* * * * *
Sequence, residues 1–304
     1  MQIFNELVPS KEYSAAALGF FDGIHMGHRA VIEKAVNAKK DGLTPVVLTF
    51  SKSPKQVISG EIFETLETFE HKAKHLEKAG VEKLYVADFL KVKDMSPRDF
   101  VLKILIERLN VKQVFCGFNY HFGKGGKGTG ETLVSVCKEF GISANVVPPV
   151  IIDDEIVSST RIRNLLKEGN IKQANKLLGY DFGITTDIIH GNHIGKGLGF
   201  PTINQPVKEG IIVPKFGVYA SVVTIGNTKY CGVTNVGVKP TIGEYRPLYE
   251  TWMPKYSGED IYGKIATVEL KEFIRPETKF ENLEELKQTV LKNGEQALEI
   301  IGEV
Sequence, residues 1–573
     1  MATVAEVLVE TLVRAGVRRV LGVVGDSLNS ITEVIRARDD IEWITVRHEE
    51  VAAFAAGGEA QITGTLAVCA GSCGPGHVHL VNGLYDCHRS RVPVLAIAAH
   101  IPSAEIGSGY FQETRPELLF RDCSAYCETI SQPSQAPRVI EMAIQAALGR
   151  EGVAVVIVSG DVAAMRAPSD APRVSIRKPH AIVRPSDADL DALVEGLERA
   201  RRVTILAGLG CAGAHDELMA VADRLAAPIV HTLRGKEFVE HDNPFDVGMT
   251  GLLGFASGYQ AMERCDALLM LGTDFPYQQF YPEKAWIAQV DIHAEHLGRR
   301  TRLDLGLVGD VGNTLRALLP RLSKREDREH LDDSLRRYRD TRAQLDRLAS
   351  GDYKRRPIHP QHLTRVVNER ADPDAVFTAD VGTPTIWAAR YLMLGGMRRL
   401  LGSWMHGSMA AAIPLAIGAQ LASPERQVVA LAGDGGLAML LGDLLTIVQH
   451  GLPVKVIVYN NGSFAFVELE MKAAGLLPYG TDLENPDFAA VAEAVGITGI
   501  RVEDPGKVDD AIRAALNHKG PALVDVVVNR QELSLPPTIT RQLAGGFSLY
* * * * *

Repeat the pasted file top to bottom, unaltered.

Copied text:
Sequence, residues 1–304
     1  MQIFNELVPS KEYSAAALGF FDGIHMGHRA VIEKAVNAKK DGLTPVVLTF
    51  SKSPKQVISG EIFETLETFE HKAKHLEKAG VEKLYVADFL KVKDMSPRDF
   101  VLKILIERLN VKQVFCGFNY HFGKGGKGTG ETLVSVCKEF GISANVVPPV
   151  IIDDEIVSST RIRNLLKEGN IKQANKLLGY DFGITTDIIH GNHIGKGLGF
   201  PTINQPVKEG IIVPKFGVYA SVVTIGNTKY CGVTNVGVKP TIGEYRPLYE
   251  TWMPKYSGED IYGKIATVEL KEFIRPETKF ENLEELKQTV LKNGEQALEI
   301  IGEV
Sequence, residues 1–573
     1  MATVAEVLVE TLVRAGVRRV LGVVGDSLNS ITEVIRARDD IEWITVRHEE
    51  VAAFAAGGEA QITGTLAVCA GSCGPGHVHL VNGLYDCHRS RVPVLAIAAH
   101  IPSAEIGSGY FQETRPELLF RDCSAYCETI SQPSQAPRVI EMAIQAALGR
   151  EGVAVVIVSG DVAAMRAPSD APRVSIRKPH AIVRPSDADL DALVEGLERA
   201  RRVTILAGLG CAGAHDELMA VADRLAAPIV HTLRGKEFVE HDNPFDVGMT
   251  GLLGFASGYQ AMERCDALLM LGTDFPYQQF YPEKAWIAQV DIHAEHLGRR
   301  TRLDLGLVGD VGNTLRALLP RLSKREDREH LDDSLRRYRD TRAQLDRLAS
   351  GDYKRRPIHP QHLTRVVNER ADPDAVFTAD VGTPTIWAAR YLMLGGMRRL
   401  LGSWMHGSMA AAIPLAIGAQ LASPERQVVA LAGDGGLAML LGDLLTIVQH
   451  GLPVKVIVYN NGSFAFVELE MKAAGLLPYG TDLENPDFAA VAEAVGITGI
   501  RVEDPGKVDD AIRAALNHKG PALVDVVVNR QELSLPPTIT RQLAGGFSLY